• The presence of the GKMA Physical Development Framework which gives an entry point in terms of transboundary planning and focus;
  • The availability of guiding regulatory and policy frameworks; Urban Policy in place, KCCA Act, 2010, Local Government Act and Physical Planning Act which are all undergoing reviews to harmonize the ambiguities therein.
  • A GKMA Technical Working group which is already in place
  • The implementation of the Greater Kampala Economic Development Strategy and the Draft Master Plan for Nakigalala Satellite City.
  • The National Physical Development Plan almost complete, which gives direction in terms of the proposed metropolis.

The dialogue also considered a number of challenges that could hamper the operationalization of this Metropolitan governance framework:

  • Contradictions or gaps in the legal framework, for example the Kampala Capital City Act of 2010 and the Local Government Act, Cap 243.
  • Limited understanding of the metropolitan governance and planning frameworks by both the political leadership and the technocrats at various levels of government.
  • Lack of a clear coordination structure for metropolitan governance in the country.
  • The outdated physical planning approach of not focusing on transboundary characteristics but rather administrative boundaries among others.

Emerging issues and lessons identified from panelists’ presentations included the following points:

  • There is need for deeper understanding of urbanization trends, the dynamics of metropolitan planning and on innovative opportunities in metropolitan coordination and governance, and acceptance across various stakeholders.
  • There is need for stakeholders to embrace the idea of metropolitan areas and foster metropolitan planning and governance models. Within this, it was also observed that the adoption of metropolitan governance could involve processes that are either democratic, or non-democratic or quasi-democratic.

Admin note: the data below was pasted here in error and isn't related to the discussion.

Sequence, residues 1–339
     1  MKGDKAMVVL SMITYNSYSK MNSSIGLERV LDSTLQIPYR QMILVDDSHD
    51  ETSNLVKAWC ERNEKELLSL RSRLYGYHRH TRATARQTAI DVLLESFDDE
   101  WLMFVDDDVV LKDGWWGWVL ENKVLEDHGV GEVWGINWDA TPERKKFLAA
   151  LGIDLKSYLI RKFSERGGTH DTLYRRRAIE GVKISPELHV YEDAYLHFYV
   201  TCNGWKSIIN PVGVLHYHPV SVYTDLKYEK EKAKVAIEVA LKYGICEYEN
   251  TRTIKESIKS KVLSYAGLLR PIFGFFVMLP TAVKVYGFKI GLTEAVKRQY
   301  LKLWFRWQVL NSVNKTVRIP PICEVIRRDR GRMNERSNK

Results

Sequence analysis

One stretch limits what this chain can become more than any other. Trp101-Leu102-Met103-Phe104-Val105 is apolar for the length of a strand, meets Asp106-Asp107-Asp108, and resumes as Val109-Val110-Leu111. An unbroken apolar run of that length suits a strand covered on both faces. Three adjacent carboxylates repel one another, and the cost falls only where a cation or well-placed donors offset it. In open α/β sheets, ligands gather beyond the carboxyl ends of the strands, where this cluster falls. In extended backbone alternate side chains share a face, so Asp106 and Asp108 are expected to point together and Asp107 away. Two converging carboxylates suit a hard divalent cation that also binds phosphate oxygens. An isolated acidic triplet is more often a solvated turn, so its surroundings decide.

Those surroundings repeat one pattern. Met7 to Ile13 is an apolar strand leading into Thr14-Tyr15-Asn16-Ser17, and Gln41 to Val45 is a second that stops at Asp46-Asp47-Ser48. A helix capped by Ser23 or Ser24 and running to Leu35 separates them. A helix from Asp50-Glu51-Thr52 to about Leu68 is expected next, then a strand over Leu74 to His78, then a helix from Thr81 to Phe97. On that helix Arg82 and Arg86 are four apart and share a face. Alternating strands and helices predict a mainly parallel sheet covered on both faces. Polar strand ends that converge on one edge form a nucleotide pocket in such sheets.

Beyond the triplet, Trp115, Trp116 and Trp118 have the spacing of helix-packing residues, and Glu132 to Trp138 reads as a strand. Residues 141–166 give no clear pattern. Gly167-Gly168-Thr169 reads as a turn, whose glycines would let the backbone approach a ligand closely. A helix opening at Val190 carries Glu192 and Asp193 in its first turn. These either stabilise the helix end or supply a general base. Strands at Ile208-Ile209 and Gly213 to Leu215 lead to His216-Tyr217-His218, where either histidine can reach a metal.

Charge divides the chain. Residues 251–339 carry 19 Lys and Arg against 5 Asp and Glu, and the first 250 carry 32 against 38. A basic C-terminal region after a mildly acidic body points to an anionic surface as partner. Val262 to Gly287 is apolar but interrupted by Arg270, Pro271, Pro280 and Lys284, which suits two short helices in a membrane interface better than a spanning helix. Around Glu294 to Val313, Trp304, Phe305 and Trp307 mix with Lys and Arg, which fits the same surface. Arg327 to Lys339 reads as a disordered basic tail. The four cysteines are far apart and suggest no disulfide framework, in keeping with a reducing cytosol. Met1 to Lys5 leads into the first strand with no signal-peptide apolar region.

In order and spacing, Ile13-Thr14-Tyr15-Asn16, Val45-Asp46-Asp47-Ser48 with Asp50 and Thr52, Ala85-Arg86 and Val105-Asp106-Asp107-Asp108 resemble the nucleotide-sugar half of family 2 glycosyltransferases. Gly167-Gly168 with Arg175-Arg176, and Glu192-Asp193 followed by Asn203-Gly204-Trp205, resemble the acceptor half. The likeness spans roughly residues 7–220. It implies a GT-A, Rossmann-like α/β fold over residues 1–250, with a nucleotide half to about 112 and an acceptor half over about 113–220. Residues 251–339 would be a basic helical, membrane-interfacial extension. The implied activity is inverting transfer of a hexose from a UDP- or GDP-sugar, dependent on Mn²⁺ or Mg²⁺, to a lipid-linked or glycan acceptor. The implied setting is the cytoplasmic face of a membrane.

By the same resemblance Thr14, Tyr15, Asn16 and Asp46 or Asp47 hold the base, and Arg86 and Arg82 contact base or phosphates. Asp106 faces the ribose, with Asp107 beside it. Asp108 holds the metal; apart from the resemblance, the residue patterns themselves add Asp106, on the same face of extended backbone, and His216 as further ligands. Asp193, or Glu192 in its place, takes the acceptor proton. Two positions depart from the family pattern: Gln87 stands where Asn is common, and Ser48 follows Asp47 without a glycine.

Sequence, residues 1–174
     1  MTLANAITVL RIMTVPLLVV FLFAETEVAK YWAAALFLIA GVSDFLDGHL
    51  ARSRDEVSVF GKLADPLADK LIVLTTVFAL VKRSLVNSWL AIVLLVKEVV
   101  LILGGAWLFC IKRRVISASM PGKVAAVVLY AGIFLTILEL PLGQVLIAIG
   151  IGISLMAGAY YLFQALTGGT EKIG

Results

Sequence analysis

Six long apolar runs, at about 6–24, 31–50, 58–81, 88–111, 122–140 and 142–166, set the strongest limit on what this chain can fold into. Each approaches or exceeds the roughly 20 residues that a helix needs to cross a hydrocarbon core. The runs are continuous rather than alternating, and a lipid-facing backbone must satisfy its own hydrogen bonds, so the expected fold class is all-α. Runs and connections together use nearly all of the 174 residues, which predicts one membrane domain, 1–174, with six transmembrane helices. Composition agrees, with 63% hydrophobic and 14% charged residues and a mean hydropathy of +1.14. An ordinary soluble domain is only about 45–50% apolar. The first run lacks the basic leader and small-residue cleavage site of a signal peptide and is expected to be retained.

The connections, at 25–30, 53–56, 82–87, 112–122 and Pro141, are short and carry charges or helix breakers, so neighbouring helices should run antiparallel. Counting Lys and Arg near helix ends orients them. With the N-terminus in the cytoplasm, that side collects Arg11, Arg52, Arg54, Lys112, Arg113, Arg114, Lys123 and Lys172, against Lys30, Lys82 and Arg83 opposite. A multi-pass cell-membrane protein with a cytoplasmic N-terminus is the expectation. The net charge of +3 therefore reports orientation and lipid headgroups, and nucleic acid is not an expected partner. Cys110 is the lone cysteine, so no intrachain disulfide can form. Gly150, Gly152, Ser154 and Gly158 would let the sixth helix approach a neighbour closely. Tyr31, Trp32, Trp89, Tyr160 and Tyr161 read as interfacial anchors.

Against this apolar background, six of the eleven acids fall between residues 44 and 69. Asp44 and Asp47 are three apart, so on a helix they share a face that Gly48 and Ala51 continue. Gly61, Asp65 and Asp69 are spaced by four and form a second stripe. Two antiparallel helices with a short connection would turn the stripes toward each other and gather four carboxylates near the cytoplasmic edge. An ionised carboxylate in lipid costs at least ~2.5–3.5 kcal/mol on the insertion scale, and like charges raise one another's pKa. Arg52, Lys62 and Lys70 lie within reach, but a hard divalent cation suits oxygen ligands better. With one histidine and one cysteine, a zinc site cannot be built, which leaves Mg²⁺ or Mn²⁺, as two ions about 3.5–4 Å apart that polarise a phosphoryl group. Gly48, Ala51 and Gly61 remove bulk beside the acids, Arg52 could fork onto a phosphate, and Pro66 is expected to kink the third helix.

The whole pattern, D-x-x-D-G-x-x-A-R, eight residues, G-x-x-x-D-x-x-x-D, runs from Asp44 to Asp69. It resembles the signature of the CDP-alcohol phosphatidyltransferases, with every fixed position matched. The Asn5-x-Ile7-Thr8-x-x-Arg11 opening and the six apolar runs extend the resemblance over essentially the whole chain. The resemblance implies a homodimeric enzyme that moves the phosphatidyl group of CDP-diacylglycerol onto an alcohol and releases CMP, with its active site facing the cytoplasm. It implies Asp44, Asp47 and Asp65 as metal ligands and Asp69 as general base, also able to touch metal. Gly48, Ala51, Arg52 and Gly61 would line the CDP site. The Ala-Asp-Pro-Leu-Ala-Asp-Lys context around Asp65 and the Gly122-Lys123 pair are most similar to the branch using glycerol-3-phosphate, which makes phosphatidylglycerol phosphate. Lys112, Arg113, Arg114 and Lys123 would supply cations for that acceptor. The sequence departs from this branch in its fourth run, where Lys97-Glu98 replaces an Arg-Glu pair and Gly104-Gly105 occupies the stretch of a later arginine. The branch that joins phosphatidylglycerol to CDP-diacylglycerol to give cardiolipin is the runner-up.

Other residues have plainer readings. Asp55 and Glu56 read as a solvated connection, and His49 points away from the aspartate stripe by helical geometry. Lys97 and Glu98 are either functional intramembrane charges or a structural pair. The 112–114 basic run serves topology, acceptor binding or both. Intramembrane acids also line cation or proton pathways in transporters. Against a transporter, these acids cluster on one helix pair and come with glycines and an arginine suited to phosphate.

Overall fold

• From the civil society side, it was noted that communities have big potential to drive their development initiatives, and are able to self-organize and participate effectively in governance and transparency initiatives.
  • It was also noted that there is need to prioritize and foster platforms for engagement such as the Municipal Development Forums.
  • Civil society also stressed the need to enforce participatory planning for ownership and adequate human settlements within the metropolitan areas.
  • The political wing shared their mandate as aimed at ensuring people are represented and the metropolitan governance is transparent fair and inclusive. It was noted that unfortunately metropolitan planning and governance tends to be politicized rather than dealing with the actual issues on ground.
  • A call was made to leverage existing and ongoing informal processes of metropolitan economic integration and planning, and to use them to inform planning and design of future metropolitan frameworks in Uganda.

As a way forward, the Ministry of Lands Housing and Urban Development took on the following issues and action points:

  • Review the framework to support collective decision making, participatory planning, and inclusive economic development for the metropolitan areas.
  • Conduct comprehensive stakeholder mapping and community sensitization and awareness creation.
  • Integration of diverse categories of people in planning and metropolitan governance.
  • Enhance institutional frameworks and laws to better facilitate metropolitan planning and governance in terms of jurisdiction and economic boundaries.
  • Amend the Physical Planning Act with a view to strengthen its enforcement.

The meeting concluded with a call for all stakeholders to actively participate in the Uganda National Urban Forum as a platform for deliberation on national level issues that can strengthen systematic physical planning and urban development in Uganda.